The big viral success of 2012 so far, has to be the Kony 2012 video, despite defying the rules of successful viral marketing by opting for a long length (almost 30 mins). Not only that, but it transpires that this is actually Invisible Children‘s eleventh video attempt in the last 8 years. None of the others were successful. This version was successful, more successful than I believe they expected, and this was in spite of the high production element which makes us wonder where the money is actually coming from, let alone how much of this is spin. Over 76 million views on YouTube later, I think we can however call this a success.
I’m not saying it is wrong to want to pull the world’s attention to something as horrific as the crimes happening in this instance, far from it, but at what point does watching a video and perhaps pressing the ‘like’ or ‘share’ buttons actually make us activists in any way? How can this help?
I saw an interesting quote recently:
“Kony 2012 is a masterpiece of simplification. They boiled a massive, heart wrenching, overwhelming problem down into a single man… Finally, and I think most brilliantly, even the target himself was simple. If the campaign had been Mugabe 2012, would it have been as successful? I don’t think so. We know Mugabe. If they were going to get him, they’d have gotten him by now, right? He’s complicated. But I haven’t heard of this guy Kony before. So not only do I get that wonderful social rush from spreading new news, but he feels eminently beatable. If we all got together I bet we could do it. And all I have to do is share. Simple.”
Now instead of helping, we find that the Ugandan screening of the Kony film actually has angered the victims.
Victor Ochen, director of a local charity who arranged the show, said:
“People were very angry about the film….There was a strong sense that the video was definitely not produced for an African audience, and that it was not sensitive enough to the victims. It was very hurtful for them and their families to see posters, bracelets and buttons, all looking like slick campaign ads of the person most responsible for their shattered lives. One young man who lost four brothers and one of his arms said afterwards ‘How can anybody expect me to wear a Tshirt with Kony’s name on it?’
For all the victims, the attempt to make Kony famous so as to prop up public support for his apprehension is laudable, but the way the goal is being pursued in the video is inappropriate and ignores their feelings. The fame is not what Kony deserves for causing so much suffering…”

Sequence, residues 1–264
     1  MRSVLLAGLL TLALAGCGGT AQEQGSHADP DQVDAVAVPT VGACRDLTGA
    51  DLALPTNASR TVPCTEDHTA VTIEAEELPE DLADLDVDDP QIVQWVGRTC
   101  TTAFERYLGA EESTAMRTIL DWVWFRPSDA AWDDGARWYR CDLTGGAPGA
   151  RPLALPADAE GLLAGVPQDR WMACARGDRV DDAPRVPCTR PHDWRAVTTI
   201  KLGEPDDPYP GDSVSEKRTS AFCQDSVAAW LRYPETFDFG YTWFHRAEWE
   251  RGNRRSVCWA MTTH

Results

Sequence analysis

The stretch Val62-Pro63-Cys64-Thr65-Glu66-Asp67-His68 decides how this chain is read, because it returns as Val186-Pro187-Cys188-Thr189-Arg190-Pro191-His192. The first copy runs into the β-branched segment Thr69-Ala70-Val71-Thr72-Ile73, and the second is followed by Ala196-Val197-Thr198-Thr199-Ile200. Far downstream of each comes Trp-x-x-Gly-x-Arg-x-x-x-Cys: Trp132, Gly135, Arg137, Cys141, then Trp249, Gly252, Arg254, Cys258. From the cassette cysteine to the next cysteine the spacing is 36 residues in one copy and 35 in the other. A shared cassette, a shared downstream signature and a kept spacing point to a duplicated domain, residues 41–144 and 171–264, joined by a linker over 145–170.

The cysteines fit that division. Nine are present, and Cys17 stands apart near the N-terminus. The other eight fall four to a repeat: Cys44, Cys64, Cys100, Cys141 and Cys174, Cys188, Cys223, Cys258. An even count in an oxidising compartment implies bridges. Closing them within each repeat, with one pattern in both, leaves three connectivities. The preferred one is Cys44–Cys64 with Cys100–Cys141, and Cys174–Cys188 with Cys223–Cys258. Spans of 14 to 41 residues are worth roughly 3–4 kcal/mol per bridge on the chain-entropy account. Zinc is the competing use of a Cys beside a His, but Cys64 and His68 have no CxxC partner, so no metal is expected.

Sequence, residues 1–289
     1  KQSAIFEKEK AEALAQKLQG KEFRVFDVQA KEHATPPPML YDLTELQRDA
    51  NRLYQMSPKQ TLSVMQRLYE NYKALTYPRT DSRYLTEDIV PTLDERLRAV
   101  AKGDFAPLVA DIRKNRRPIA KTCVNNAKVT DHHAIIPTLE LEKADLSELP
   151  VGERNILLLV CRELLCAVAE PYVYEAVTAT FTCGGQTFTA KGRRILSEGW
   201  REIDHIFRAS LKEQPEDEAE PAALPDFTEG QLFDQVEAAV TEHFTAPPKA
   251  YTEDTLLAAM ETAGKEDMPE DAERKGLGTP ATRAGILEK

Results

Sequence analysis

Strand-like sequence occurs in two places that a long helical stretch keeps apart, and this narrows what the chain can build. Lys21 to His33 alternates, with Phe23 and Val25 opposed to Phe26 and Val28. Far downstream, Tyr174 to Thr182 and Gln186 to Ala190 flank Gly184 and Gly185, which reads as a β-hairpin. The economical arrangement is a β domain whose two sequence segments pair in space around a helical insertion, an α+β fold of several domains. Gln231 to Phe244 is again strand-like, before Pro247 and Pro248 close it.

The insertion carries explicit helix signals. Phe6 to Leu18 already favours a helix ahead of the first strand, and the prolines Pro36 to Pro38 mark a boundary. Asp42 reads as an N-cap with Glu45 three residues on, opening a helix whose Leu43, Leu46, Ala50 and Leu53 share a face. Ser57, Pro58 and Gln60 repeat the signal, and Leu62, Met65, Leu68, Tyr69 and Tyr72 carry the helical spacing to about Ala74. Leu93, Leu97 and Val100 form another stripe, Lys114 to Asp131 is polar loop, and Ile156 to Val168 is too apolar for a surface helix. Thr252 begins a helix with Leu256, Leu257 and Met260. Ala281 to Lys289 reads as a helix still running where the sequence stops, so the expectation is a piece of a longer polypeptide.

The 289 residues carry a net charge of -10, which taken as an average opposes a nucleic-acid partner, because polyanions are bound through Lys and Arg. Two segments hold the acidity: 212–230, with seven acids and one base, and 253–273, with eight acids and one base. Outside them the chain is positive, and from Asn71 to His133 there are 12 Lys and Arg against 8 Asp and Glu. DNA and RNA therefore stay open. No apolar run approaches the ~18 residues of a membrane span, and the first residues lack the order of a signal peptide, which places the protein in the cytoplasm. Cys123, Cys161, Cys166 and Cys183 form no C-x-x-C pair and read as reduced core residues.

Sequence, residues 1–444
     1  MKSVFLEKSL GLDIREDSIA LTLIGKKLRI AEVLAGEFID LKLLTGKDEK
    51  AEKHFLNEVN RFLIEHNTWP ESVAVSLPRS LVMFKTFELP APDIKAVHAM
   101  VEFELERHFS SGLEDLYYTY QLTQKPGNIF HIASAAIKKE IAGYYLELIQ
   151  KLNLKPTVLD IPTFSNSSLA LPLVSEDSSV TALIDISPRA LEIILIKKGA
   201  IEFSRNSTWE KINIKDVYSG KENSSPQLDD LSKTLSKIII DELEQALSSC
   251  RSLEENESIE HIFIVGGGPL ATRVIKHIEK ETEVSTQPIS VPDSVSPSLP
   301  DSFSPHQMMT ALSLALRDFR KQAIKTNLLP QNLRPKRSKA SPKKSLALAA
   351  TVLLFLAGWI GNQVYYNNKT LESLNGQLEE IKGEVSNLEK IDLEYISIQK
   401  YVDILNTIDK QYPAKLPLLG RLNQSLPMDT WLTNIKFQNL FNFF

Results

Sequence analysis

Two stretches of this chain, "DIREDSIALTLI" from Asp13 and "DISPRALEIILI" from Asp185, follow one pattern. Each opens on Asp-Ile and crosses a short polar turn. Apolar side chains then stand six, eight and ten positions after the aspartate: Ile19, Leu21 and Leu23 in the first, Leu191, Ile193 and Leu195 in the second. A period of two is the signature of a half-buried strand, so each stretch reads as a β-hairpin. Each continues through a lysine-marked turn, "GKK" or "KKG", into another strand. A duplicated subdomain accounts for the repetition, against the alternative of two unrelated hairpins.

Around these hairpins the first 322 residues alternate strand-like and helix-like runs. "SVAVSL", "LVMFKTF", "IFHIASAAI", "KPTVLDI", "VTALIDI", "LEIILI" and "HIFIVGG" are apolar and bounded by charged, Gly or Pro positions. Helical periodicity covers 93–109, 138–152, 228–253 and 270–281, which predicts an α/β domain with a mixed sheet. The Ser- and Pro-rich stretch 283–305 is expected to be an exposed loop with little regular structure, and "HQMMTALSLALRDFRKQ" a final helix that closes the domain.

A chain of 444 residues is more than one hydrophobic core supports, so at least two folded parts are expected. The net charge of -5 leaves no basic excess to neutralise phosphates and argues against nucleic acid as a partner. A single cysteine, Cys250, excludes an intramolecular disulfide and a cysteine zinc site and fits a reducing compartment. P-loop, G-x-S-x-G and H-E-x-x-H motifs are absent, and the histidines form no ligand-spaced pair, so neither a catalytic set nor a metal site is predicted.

One man, Mr Jifony, who was forced to fight under Kony for 18 months, said “We expected serious action, Americans fighting Kony like in a real movie” but it seems they are disappointed, being left offended and surrounded by Kony paraphernalia.
Meanwhile in the rest of the world, we all feel nice and smug at having helped the cause by sharing the video on Facebook, or promoting it around the office. Perhaps we even went to town and tweeted. Great stuff, but awareness is one thing, action another. Slactivism is perpetuated by social media as we feel like we can hide behind the Internet and help by proxy, by doing something we were going to be doing anyway – interacting online.
I commend Kony 2012 as a huge viral marketing success, but perhaps not the way to change the world on this one. Sadly, I might be right on this one, as the Ugandan reaction to the video seems to agree.
What next? Well, that will be something I’m eagerly awaiting…
- ‘Phony 2012’: A cynic’s view on the Joseph Kony hysteria (intentious.com)
- Ugandan victims of LRA/Kony break up ‘Kony 2012′ screening, accusing it of white supremacy (redantliberationarmy.wordpress.com)
- Kony 2012 screening in Uganda results in anger, rocks thrown at screen (boingboing.net)
- Love it or hate it, the online phenomenon that is KONY 2012 offers valuable lessons to development communicators. (thoolen.wordpress.com)
- Yes We KONY? Rap News Exposes AFRICOM Invasion (tatoott1009.com)
- Ugandans React To Kony 2012 (buzzfeed.com)
- KONY 2012: Worthwhile Charity or White Man’s Burden? (blogher.com)
- Ugandans Aren’t Thrilled About the ‘Kony 2012′ Video Either – Global – The Atlantic Wire (coffeereads.wordpress.com)
- The digital lies that Israel faces (thejc.com)